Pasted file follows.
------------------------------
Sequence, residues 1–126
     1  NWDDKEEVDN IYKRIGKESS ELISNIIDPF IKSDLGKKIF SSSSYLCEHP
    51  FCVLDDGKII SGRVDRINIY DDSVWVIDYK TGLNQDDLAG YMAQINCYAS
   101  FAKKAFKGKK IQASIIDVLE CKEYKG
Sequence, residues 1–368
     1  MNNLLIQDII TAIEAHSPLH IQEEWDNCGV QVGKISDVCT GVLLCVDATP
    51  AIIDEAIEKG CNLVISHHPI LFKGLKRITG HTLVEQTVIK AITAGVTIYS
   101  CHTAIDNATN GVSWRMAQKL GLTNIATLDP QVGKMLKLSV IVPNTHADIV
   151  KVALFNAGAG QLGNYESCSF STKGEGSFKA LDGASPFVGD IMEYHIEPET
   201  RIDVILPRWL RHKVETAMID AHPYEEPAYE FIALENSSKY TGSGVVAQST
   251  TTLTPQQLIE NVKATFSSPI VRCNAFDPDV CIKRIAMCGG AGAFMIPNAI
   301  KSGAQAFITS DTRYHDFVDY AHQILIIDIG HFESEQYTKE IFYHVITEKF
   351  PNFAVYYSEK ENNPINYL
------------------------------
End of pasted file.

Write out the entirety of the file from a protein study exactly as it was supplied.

Sequence, residues 1–126
     1  NWDDKEEVDN IYKRIGKESS ELISNIIDPF IKSDLGKKIF SSSSYLCEHP
    51  FCVLDDGKII SGRVDRINIY DDSVWVIDYK TGLNQDDLAG YMAQINCYAS
   101  FAKKAFKGKK IQASIIDVLE CKEYKG
Sequence, residues 1–368
     1  MNNLLIQDII TAIEAHSPLH IQEEWDNCGV QVGKISDVCT GVLLCVDATP
    51  AIIDEAIEKG CNLVISHHPI LFKGLKRITG HTLVEQTVIK AITAGVTIYS
   101  CHTAIDNATN GVSWRMAQKL GLTNIATLDP QVGKMLKLSV IVPNTHADIV
   151  KVALFNAGAG QLGNYESCSF STKGEGSFKA LDGASPFVGD IMEYHIEPET
   201  RIDVILPRWL RHKVETAMID AHPYEEPAYE FIALENSSKY TGSGVVAQST
   251  TTLTPQQLIE NVKATFSSPI VRCNAFDPDV CIKRIAMCGG AGAFMIPNAI
   301  KSGAQAFITS DTRYHDFVDY AHQILIIDIG HFESEQYTKE IFYHVITEKF
   351  PNFAVYYSEK ENNPINYL